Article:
“Tough times never last, tough people do:” Ball State wins 20-17 over Northern Illinois

Freshman kicker Jackson Courville attempts a field goal in a game against Toledo Oct. 14 at Scheumann Stadium. Courville's two field goals accounted for all of Ball State's points in the 13-6 loss. Daniel Kehn, DN
Freshman kicker Jackson Courville attempts a field goal in a game against Toledo Oct. 14 at Scheumann Stadium. Courville's two field goals accounted for all of Ball State's points in the 13-6 loss. Daniel Kehn, DN

After missing a potential game-tying field goal last week, it could be easy for freshman kicker Jackson Courville to still be shaky from the moment. 

Although he attempted four field goals and only two went in against Northern Illinois University, only one mattered. 

The one that mattered most was the walk-off 36-yard field goal that sealed the 20-17 win for Ball State in their Battle for the Bronze Stalk against the Huskies.  

Leading up to the kick, Courville said he was focused on keeping things consistent. Seeing the ball go through, taking the steps and swinging the leg through.

Even after facing adversity with missing kicks earlier in the game, Courville stuck to his routine and said he was just thankful to have every opportunity.

“It is about the rebound and not what happened earlier,” Courville said. “Those guys stuck with me and believed in me.” 

“When you come up short, you have to have a short-term memory about it.” 

It was not just Courville with the short-term memory. After the Bowling Green loss, Neu said he sensed no lingering feelings about that game. He said the first day of practice the group responded and was ready to go back to work. 

“Tough times never last, tough people do,” Neu said. 

Neu said the fight he saw in the team was great, saying that each person laid themselves on the line for the men beside them. 

“I love our football team,” Neu said. “I am just proud of the fight and resilience.”

Neu said celebrating the victory on the field with the team was a special moment and was glad he could celebrate with a group who had worked so hard throughout the week. 

One of those players celebrating with Neu was redshirt sophomore Kiael Kelly. With his fourth start against the Huskies, Neu said he sees Kelly put the work in every week. 

“He is just getting more and more mature and getting better and better,” Neu said.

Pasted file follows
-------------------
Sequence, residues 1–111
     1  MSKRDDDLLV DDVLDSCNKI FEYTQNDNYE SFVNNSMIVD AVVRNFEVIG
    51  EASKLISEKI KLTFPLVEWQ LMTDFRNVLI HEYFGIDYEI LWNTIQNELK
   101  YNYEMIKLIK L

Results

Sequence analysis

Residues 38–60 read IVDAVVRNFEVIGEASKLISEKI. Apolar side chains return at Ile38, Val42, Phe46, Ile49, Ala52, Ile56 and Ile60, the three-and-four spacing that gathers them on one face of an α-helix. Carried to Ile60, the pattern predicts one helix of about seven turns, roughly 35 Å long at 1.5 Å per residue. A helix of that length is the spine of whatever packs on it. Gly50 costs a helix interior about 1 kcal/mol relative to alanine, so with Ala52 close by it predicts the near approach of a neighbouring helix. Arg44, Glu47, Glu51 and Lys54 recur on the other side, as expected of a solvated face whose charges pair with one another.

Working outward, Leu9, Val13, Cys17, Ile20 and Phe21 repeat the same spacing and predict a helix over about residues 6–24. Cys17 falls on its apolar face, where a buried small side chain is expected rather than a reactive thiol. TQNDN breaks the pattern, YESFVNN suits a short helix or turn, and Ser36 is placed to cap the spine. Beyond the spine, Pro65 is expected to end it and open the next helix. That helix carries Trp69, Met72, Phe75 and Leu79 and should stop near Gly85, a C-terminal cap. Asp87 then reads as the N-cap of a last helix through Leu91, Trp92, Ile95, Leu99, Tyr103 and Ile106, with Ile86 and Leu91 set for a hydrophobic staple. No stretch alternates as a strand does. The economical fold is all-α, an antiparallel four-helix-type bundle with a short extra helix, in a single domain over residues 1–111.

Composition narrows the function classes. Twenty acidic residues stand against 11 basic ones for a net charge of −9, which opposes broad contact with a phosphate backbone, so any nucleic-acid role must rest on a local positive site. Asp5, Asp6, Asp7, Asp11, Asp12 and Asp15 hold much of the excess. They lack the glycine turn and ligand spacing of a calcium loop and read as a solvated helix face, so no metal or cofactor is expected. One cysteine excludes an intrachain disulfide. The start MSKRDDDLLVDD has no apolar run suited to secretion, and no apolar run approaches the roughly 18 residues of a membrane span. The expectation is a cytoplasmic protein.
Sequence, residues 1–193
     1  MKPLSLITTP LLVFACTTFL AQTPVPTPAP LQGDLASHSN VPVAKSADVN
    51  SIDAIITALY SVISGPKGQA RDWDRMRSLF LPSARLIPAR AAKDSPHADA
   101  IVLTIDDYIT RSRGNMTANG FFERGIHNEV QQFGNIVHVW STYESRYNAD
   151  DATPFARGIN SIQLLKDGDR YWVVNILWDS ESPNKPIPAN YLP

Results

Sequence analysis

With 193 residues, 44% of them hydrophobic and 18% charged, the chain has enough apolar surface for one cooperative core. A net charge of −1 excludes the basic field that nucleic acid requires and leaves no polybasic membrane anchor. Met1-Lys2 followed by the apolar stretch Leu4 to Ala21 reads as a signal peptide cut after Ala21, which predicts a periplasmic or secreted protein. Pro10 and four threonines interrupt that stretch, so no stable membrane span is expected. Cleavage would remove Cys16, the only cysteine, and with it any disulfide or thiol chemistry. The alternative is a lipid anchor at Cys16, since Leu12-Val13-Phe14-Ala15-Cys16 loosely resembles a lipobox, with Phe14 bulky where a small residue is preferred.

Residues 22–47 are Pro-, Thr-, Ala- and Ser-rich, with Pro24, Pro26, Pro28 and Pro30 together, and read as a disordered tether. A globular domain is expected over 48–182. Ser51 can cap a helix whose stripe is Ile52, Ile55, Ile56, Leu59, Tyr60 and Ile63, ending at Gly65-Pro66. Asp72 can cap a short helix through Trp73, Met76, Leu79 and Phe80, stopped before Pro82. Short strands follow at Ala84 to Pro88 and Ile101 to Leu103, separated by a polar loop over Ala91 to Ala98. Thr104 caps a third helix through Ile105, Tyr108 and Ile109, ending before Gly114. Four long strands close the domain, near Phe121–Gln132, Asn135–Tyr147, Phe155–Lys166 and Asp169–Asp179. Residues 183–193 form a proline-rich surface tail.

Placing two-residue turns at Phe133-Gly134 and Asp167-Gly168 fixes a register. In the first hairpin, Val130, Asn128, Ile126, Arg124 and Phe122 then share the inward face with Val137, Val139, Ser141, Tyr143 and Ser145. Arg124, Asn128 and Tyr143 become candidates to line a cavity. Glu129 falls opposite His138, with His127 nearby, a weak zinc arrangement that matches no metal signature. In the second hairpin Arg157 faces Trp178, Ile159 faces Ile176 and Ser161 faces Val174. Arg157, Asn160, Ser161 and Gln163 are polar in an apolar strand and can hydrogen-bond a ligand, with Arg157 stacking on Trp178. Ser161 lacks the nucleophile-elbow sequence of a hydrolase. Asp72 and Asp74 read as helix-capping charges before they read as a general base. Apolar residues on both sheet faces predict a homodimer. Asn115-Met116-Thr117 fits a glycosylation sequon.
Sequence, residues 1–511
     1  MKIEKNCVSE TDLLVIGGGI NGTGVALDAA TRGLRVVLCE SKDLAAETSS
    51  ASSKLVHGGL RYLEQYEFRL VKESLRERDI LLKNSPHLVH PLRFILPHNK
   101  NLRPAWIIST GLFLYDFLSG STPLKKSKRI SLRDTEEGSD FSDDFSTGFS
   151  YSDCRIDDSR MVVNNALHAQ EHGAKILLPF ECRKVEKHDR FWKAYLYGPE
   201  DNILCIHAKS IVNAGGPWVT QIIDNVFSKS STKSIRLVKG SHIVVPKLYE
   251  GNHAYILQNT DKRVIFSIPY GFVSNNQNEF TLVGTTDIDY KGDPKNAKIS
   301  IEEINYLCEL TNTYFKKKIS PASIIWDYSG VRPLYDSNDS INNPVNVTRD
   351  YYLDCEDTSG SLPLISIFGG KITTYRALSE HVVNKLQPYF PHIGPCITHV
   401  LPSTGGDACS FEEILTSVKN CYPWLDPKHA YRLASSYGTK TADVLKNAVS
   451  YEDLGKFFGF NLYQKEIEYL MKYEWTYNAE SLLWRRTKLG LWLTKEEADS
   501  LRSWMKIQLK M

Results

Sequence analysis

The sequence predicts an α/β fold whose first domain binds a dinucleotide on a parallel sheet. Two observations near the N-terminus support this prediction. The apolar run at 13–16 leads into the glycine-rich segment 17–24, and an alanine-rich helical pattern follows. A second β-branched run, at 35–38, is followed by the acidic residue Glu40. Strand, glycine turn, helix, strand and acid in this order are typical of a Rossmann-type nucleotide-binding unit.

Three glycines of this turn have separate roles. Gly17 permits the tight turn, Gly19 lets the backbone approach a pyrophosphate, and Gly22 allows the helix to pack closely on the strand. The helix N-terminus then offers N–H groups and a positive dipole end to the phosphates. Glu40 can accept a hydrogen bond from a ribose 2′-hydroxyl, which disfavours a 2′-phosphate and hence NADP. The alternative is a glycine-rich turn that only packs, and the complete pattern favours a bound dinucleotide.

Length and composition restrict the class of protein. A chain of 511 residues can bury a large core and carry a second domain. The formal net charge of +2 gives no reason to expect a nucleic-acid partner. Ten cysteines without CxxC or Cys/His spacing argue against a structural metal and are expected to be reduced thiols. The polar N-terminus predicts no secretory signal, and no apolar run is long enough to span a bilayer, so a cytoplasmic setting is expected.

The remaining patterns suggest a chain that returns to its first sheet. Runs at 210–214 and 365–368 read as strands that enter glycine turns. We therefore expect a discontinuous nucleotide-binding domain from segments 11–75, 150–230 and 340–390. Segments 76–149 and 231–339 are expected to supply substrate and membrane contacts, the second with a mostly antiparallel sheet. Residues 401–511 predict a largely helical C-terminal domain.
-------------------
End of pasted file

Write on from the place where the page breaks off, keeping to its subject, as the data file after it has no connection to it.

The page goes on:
Kelly had a career-best night in his second win as the man under center. 

His 25 passing attempts and his 115 yards through the air were the most of his career. His touchdown through the air was the first passing touchdown of his career. 

“First one of my career… to finally get that weight off of my shoulders and get that first one in, it felt great,” Kelly said. 

Kelly said the opening drive that resulted in a touchdown had the same feeling as the one against Central Michigan. He said the goal was to come out and punch them in the mouth to set the tone of the game. 

“We executed to the best of our abilities on that drive and we see how it ended,” Kelly said. “Anytime the offense stays on schedule and doesn’t shoot ourselves in the foot, we do pretty good.” 

With his fourth start, some could expect Kelly to be anxious. The reality is Kelly is as even-keeled as ever. He said at the end of the day, it is just football, a game he has been playing all of his life. 

“My older brother used to tell me, ‘If you are scarred go to church,’” Kelly said. “[I] can’t be out there scared.”

With sophomore tight end Tanner Koziol not having any receptions last week against Bowling Green, today he was able to get the connection going with three catches, 22 yards and a game-tying touchdown in the fourth quarter. 

Kelly said the kick gave Courville a chance to show people what he was made of. Kelly said that is exactly what Courville did, show people what he was made of. 

With the Cardinal defense converting in big moments, Kelly said the offense feeds off their energy.

When the defense is out on the field, Neu said you can expect them to wreak havoc. Flying to the ball, being physical and playing hard coverage. 

One of those plays where they were able to wreak havoc was a forced fumble that ended up in the graduate student linebacker Mikhari Sibblis's hands. He said it was huge to be able to get the ball back into the offense's hands and let them have an opportunity to score. 

The Huskies ran multiple trick plays, one of them resulting in an over 40-yard rushing touchdown. Sibblis said with the shorter week of preparation, it was tough to prepare for, but he said the group fell back on their fundamentals to help stop it. 

Although it is added as just another win, Sibblis said it feels different with it being a rivalry game with a traveling trophy. 

“You have to have that mentality of keep going, keep going,” Sibblis said. “Not everything is going to go your way so you have to stick to one play at a time.”

Contact Elijah Poe via email at elijah.poe@bsu.edu or on X @ElijahPoe4.


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